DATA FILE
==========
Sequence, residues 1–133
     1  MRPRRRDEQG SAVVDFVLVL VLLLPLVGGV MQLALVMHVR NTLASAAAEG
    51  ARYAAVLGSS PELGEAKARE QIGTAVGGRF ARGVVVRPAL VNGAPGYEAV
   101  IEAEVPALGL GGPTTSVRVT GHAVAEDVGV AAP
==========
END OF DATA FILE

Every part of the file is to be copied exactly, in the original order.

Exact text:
Sequence, residues 1–133
     1  MRPRRRDEQG SAVVDFVLVL VLLLPLVGGV MQLALVMHVR NTLASAAAEG
    51  ARYAAVLGSS PELGEAKARE QIGTAVGGRF ARGVVVRPAL VNGAPGYEAV
   101  IEAEVPALGL GGPTTSVRVT GHAVAEDVGV AAP